Keep a Smile on Your Face</li></ul>Great Movies to Watch<br />With celebrating Aging during the month, check out some movies that feature some of the older actors in the business.<br />The Bucket List (2007))<br />Synopsis:Corporate billionaire Edward Cole and working class mechanic Carter Chambers have nothing in common except for their terminal illnesses. While sharing a hospital room together, they decide to leave it and do all the things they have ever wanted to do before they die according to their bucket list. In the process, both of them heal each other, become unlikely friends, and ultimately find joy in life.<br />Awards: Nominated for a Grammy in 2009 for Best Song Written for Motion Picture, Television or Other Visual Media. John Mayer For the song "Say".<br />Grumpy Old Men (1993)<br />Synopsis:John and Max are elderly men living next door to each other. They're continuously arguing and insulting each other, and have been this way for over 50 years. One day, Ariel, moves into the street. Both men are attracted to her, and their rivalry steps up a gear. <br />Awards: Won the BMI Film Music Award, Alan Silvestri.<br />Space Cowboys (2000)<br />Synopsis:When a retired engineer is called upon to rescue a failing satellite, he insists that his equally old teammates accompany him into space. <br />Awards: Nominated for an Oscar in 2001 for Best Sound Editing. Won Hochi Film Award, Kinema Junpo Award, and Mainichi Film Concours for Best Foreign Film. <br />Driving Miss Daisy (1989)<br />Synopsis: An old Jewish woman and her African-American chauffeur in the American South have a relationship that grows and improves over the years.<br />Awards: Winner of 8 Oscars in 1990 for various categories. Winner of 3 Golden Globe Awards in 1990. Nominated for a Grammy in 1991.<br />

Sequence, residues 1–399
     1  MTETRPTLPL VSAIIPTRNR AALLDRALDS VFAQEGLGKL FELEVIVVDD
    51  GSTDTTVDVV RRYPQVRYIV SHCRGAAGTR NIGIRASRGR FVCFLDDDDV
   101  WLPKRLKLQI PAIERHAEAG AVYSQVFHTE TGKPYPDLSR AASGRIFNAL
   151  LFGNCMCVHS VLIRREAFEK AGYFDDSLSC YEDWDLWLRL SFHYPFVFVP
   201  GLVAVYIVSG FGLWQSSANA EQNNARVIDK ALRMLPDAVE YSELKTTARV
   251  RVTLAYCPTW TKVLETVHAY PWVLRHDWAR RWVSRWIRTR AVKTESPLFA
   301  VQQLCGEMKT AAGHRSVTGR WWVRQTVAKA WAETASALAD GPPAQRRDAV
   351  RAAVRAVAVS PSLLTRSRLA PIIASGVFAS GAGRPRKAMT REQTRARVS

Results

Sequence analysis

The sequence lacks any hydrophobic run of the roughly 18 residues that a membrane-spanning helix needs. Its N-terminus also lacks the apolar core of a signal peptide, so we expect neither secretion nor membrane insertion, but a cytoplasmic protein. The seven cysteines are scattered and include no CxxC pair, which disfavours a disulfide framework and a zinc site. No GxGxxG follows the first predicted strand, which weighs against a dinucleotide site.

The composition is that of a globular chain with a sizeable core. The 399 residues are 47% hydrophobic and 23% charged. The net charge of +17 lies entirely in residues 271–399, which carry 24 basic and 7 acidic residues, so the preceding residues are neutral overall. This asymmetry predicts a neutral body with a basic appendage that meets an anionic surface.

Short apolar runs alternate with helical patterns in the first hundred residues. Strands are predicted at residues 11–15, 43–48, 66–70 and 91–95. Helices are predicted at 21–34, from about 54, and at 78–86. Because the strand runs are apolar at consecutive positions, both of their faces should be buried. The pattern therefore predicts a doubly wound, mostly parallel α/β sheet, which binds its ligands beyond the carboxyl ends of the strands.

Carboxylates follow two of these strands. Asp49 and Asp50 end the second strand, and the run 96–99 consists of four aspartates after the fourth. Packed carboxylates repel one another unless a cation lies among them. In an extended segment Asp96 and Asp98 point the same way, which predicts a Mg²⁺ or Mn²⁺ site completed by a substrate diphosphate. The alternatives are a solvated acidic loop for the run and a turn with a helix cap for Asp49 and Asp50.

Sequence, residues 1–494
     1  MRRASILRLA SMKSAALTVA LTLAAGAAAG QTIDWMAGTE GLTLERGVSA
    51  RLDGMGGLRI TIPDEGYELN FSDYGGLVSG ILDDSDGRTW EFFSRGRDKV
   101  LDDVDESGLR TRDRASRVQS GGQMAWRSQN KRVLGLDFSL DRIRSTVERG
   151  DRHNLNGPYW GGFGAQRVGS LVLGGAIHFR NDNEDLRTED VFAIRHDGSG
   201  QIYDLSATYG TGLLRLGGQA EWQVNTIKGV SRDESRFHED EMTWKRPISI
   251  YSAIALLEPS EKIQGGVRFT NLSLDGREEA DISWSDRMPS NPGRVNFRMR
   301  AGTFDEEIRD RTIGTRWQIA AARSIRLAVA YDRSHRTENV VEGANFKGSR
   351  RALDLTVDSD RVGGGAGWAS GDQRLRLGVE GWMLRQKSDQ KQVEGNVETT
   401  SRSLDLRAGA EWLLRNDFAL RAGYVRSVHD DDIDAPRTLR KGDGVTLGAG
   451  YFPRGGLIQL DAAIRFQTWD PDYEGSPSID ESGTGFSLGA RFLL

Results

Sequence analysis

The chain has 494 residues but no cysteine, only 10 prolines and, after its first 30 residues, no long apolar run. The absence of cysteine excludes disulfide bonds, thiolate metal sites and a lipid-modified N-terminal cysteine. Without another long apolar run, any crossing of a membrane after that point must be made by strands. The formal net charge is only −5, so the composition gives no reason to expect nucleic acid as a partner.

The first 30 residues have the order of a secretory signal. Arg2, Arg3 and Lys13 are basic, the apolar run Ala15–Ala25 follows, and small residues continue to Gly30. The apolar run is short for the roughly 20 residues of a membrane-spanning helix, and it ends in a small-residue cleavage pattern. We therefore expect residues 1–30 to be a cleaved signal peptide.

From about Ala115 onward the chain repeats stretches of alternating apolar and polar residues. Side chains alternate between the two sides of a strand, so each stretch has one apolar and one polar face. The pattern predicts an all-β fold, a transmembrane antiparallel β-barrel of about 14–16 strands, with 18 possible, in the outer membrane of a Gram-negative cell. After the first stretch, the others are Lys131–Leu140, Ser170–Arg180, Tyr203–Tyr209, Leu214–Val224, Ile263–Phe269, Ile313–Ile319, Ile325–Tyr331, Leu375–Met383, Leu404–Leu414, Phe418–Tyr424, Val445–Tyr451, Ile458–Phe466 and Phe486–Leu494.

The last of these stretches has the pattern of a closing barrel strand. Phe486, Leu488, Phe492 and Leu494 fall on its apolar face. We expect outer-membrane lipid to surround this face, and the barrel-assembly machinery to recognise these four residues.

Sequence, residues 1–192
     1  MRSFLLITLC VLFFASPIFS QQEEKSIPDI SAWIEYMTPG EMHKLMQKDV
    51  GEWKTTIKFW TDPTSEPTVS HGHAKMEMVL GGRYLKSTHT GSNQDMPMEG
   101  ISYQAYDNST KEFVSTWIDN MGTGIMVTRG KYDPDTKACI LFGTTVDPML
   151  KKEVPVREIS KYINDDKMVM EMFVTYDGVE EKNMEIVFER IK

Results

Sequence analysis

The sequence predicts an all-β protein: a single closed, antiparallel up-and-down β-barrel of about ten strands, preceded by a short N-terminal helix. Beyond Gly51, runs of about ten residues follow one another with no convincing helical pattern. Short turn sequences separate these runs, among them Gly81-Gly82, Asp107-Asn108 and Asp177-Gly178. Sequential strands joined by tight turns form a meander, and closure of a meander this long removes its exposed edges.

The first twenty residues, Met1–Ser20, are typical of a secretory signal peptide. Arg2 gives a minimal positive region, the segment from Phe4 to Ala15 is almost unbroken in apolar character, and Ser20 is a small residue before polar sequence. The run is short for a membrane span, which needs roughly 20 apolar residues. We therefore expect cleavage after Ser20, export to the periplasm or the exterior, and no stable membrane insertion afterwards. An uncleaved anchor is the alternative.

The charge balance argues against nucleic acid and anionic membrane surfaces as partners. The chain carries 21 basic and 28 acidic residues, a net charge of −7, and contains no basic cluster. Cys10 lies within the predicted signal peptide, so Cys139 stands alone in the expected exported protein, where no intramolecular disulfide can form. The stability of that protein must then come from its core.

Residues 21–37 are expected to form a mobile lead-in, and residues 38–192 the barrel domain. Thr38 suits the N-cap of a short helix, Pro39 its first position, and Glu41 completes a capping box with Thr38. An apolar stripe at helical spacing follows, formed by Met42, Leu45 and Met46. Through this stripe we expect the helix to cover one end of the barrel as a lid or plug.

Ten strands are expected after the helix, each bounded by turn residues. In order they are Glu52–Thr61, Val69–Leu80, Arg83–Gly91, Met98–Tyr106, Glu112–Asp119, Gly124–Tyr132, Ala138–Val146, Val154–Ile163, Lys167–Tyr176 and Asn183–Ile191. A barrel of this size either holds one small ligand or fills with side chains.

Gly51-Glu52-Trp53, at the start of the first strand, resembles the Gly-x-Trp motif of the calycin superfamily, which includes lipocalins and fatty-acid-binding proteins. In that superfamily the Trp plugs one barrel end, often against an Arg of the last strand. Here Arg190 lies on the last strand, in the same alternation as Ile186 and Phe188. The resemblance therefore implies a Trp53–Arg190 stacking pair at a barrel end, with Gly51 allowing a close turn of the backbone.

Susan Edlinger, Began Surfing in late 40s<br />Susan Edlinger always admired surfers but never thought she'd join them, until a personal loss motivated her to embrace the sport in her late 40s. From her blog: To my surprise, I have recently discovered what I love best about surfing, which is that surfing supplies me with endless metaphors for just about everything in my life! When I am facing a tough situation, I find myself saying, “I feel like I’m paddling into a 20 foot wave”, or when really frustrated with someone or something and want to give up, it’s “I can’t just paddle in”, or when I’m stressed and out of balance, “I’ve just got to stay in trim or make it through this section.” It’s wonderful to be able to find in surfing a variety of metaphors that can express so precisely and artfully whatever I am facing or experiencing in my life.<br />AGE IS ONLY A NUMBER<br />Aging happens. One day you realize the woman on the cover of the magazine you're reading could be your daughter. The hot guy or girl on your favorite soap opera wasn't born when you graduated from high school. The "oldies" on the radio are songs you danced to in college. The cute guy making your latte calls you "ma'am.” The cute girl ringing you out at the counter tells you that you remind her of her dad.<br />WELCOME TO THE REST OF YOUR LIFE<br />Read some inspirational stories:<br />Laura Vikmanis, Age 42 <br />NFL Cheerleader, Tried out at 39<br />Laura Vikmanis first tried out for the Cincinnati Bengals' Ben-Gals at age 39 after her husband left her. The trainer, registered dietitian and mother of two failed to make the squad but spent the next year improving her fitness and working on routines, landing a spot in 2009. At 42, the mother of two teenagers is 20 years older than most of her fellow Ben-Gals squad but that doesn't stop her from back-flipping, jumping and hair-flicking with the girls half her age.<br />Diana Nyad, Age 61<br />Legendary long-distance swimmer<br />Diana is a member of the National Women’s Hall of Fame and the International Swimming Hall of Fame. Until a year ago, Diana hadn’t swum a stroke, not a single stroke, for 31 years. At age 61, prepares for second attempt to swim from Cuba to Key West, and this time finish. “I have no idea what age I am,” she says. “I don’t feel different in any way. People say, ‘Maybe you should take more recovery time between swims because of your age.’ I’m like, Oh. My age. I forgot.”<br />Kathryn Joosten, Age 71<br />Actress, Began Acting at 42<br />Joosten started acting at age 42, which is unusual for most actors. Prior to her career as an actress, she worked as a psychiatric nurse at Michael Reese Hospital, in Chicago. In 2005 and 2008, Joosten won an Emmy for Outstanding Guest Actress - Comedy Series for her portrayal of Karen McCluskey on Desperate Housewives.<br />Ernestine Shepherd, Age 75<br />Competitive Bodybuilder, Started at 54<br />Ernestine Shepherd is in better shape than most people, decades her junior. At 74, she is honored with being in the Guinness Book of World Record for being the oldest female body builder. She started body building at age 54. Up at 3 a.m. every morning, for her devotional prayers. She spends her days running, lifting weights and working out. She also works as a certified personal trainer at her gym.<br />Veruschka, Age 72<br />Spanish designer Juan Duyos seemed to be more inspired by "Golden Girls" than "Gossip Girl" when he cast four models in their 60s to strut his fashions in Madrid. "I am fed up with seeing 20-year-old models advertise anti-wrinkle creams for women aged 60," Duyos stated. "Beauty does not end at 40 or 50." Duyos describes elderly women as being "just as beautiful as 20-year-olds.” British designer Giles Deacon also sent 72-year-old legendary German model Veruschka down his runway at London Fashion Week. <br />Keep practicing your faith.<br />Be happy. Don’t get bitter or mean.<br />KEEP YOUR SPIRITUAL LIFE TOGETHER<br />Get in touch with nature.<br />Learn to forgive.<br />Never give up.<br />Speak a good word, do a good deed, <br /> think a positive thought.<br />